Monday, May 20, 2013

Review: "The Philadelphia Story" Remains Great American Cinema (Happy, B'day, Jimmy Stewart)

TRASH IN MY EYE No. 104 (of 2006) by Leroy Douresseaux

The Philadelphia Story (1940) – B&W
Running time: 112 minutes (1 hour, 52 minutes)
DIRECTOR: George Cukor
WRITER: Donald Ogden Stewart (based upon the play by Philip Barry)
PRODUCER: Joseph L. Mankiewicz
CINEMATOGRAPHER: Joseph Ruttenberg (D.o.P.)
EDITOR: Frank Sullivan
COMPOSER: Franz Waxman
Academy Award winner


Starring: Cary Grant, Katharine Hepburn, James Stewart, Ruth Hussey, John Howard, Roland Young, John Halliday, Mary Nash, Virginia Weidler, and Henry Daniell

The subject of this movie review is The Philadelphia Story, a 1940 romantic comedy from director George Cukor. The film is an adaptation of the 1939 Broadway comic play, The Philadelphia Story, written by Philip Barry. The film’s screenplay was written by Donald Ogden Stewart and Waldo Salt, although Salt did not receive credit. Starring Cary Grant, Katharine Hepburn, James Stewart, the movie focuses on a rich woman whose wedding plans get complicated when her ex-husband and a tabloid reporter show up. Jimmy Stewart won his only Oscar for his performance in this film.

Socialite Tracy Lord (Katharine Hepburn) prepares to marry again, but this time to, George Kittredge (John Howard), a politician who is not in her social class. Her ex-husband, C.K. Dexter Haven (Cary Grant), has other ideas and plans on crashing the wedding. He invites himself to the Lord’s family estate in north Philadelphia, bringing along tabloid reporter, Macaulay Connor (James Stewart, who won his first Oscar for this role), and Macaulay’s photographer, Elizabeth “Liz” Imbrie (Ruth Hussey), both of whom are hoping to get the goods on the social event of the year. It is a news story their boss, Sidney Kidd (Henry Daniell), plans to call “The Philadelphia Story.” However, Haven’s machinations have some expected and not-at-all expected results.

Many movie fans and film critics consider The Philadelphia Story to be one of the most exhilarating screwball romantic comedies ever. Much credit goes to the incomparable romantic triangle of Katharine Hepburn, Cary Grant, and Jimmy Stewart (although Hepburn had originally hoped to play alongside Clark Gable and Spencer Tracey). Philip Barry, who wrote the play upon which this film is based, also modeled his original Tracy Lord on Hepburn, so everything worked well from the standpoint of Hepburn’s character. Grant and Stewart were also great movie actors who mastered dialogue; fully capable of being witty (especially Grant) and verbose, necessities as the film is dialogue heavy.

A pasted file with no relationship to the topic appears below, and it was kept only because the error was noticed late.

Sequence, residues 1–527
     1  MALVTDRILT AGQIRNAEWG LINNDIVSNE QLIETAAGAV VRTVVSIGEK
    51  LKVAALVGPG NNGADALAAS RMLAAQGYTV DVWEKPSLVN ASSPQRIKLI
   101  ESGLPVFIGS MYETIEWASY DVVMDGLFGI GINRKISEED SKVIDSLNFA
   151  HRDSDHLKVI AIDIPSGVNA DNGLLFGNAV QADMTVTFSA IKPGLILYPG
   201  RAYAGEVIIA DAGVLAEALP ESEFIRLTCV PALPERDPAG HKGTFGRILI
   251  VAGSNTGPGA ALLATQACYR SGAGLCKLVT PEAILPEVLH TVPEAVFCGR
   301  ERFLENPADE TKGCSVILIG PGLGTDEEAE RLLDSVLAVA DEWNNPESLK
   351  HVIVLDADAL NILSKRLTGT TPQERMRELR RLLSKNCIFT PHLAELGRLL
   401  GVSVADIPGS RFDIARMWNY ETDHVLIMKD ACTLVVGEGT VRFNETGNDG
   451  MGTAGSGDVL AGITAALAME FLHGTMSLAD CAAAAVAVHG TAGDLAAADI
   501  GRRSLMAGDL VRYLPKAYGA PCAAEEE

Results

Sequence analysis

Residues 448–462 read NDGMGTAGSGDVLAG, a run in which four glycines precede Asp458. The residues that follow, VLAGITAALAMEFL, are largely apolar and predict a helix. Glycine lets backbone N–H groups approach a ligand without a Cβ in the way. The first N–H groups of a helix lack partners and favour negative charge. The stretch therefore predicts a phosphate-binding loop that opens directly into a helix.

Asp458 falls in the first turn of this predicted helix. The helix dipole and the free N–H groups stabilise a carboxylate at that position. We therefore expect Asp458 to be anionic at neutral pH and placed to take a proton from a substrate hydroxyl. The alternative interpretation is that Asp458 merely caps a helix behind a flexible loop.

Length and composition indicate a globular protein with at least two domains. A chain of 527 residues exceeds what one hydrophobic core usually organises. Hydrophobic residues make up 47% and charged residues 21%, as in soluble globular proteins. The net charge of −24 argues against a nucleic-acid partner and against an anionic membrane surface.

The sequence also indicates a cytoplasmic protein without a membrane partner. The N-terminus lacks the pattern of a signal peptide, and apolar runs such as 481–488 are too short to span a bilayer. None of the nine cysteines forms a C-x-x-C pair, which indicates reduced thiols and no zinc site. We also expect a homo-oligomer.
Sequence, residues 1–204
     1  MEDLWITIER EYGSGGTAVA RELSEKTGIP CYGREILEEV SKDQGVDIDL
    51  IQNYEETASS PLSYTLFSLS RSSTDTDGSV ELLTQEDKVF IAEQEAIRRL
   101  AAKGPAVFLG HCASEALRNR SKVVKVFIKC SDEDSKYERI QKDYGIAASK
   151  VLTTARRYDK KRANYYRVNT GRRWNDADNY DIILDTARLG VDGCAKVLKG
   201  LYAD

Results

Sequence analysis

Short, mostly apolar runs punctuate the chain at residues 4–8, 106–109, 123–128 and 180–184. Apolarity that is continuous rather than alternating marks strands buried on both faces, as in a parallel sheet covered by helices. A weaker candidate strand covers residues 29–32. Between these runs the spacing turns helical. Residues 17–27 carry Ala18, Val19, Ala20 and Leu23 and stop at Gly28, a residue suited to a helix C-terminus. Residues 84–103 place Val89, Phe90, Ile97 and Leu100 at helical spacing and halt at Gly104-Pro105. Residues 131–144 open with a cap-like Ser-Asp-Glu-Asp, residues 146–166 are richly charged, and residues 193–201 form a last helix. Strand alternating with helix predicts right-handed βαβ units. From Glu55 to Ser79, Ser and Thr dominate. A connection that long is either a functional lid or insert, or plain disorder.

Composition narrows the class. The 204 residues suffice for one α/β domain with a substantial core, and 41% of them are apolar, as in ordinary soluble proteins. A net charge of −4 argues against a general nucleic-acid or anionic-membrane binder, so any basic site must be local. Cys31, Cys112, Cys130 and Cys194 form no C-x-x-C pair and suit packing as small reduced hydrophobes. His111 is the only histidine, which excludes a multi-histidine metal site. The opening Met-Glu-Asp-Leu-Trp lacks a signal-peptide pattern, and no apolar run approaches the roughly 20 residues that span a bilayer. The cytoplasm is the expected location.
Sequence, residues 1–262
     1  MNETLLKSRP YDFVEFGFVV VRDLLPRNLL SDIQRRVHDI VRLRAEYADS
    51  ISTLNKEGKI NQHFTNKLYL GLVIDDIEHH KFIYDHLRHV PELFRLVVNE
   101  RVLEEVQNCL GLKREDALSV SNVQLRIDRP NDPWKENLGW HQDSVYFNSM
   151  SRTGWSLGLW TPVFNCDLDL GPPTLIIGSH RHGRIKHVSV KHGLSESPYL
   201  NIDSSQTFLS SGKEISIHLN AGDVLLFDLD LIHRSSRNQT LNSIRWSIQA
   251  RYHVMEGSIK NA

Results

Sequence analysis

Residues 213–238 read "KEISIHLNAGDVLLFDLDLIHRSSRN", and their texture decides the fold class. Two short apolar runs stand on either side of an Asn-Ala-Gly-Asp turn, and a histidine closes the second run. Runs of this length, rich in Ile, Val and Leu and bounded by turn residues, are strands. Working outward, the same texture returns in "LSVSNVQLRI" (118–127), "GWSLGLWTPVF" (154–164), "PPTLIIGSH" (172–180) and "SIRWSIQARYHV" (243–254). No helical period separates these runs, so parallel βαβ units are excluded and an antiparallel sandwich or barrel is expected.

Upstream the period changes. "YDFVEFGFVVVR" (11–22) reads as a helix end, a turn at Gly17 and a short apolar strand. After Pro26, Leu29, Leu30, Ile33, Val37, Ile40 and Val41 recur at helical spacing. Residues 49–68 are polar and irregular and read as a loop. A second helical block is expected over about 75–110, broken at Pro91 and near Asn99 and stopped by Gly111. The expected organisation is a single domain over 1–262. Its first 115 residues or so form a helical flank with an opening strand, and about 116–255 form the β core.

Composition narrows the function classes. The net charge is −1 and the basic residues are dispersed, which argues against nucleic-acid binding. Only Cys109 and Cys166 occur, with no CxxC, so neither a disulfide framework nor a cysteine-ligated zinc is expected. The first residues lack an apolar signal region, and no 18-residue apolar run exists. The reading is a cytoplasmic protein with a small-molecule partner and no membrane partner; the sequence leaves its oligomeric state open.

The witty dialogue isn’t just for show. It establishes much of the film’s plot, as well as its setting, characters, and its principles and philosophy of relationships – a credit to screenwriter, Donald Ogden Stewart (and Waldo Salt who worked on the script but did not receive a screen credit). The viewer could get a buzz or a high just from listening to all that snappy batter and all those sharp comebacks and clever asides. This is one time “all that talk, talk” is just wonderful to hear, and it’s fun to watch how easily the star trio does it.

However, the trio doesn’t work alone. There are a number of excellent supporting performances. Ruth Hussey earned an Oscar nomination as Macaulay’s droll reporter sidekick, who gives the film’s heady dialogue some even-headedness. Mary Nash and Virginia Weidler provide some straight comic relief as Tracy’s mother Margaret and sister Dinah, respectively. John Halliday as Tracy’s father, Seth Lord, and Roland Young as Uncle Willie are the elder statesmen bringing wisdom to the young lovers and rivals.

Finally, George Cukor, known as Hollywood’s ace director of actresses, and a frequent director of Hepburn films (Little Women, Adam’s Rib), brings it all together so that the dialogue rarely seems forced, the acting phony, or the film too staged (which often happens to films based on plays). His guiding hands make The Philadelphia Story indeed one of the great romantic and screwball comedies in film history.

9 of 10

1941 Academy Awards: 2 wins: “Best Actor in a Leading Role” (James Stewart) and “Best Writing, Screenplay” (Donald Ogden Stewart); 4 nominations: “Best Picture” (Joseph L. Mankiewicz; M-G-M), “Best Actress in a Leading Role” (Katharine Hepburn), “Best Actress in a Supporting Role” (Ruth Hussey), and “Best Director” (George Cukor)

1995 National Film Preservation Board, USA: National Film Registry

Tuesday, May 16, 2006


No comments:

Post a Comment